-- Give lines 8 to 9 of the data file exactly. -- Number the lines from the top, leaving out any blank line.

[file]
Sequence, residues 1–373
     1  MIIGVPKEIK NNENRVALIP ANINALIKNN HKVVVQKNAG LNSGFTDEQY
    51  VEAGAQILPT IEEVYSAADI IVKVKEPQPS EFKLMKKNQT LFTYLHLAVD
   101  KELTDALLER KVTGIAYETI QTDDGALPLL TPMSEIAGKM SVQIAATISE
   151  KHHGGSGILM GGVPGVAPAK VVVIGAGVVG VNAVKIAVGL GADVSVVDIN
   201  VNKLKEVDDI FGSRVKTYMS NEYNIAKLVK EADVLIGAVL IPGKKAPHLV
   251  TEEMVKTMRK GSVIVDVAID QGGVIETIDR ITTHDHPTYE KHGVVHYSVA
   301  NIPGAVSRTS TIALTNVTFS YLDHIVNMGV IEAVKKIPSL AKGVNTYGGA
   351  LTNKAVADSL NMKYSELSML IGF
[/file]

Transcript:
   301  NIPGAVSRTS TIALTNVTFS YLDHIVNMGV IEAVKKIPSL AKGVNTYGGA
   351  LTNKAVADSL NMKYSELSML IGF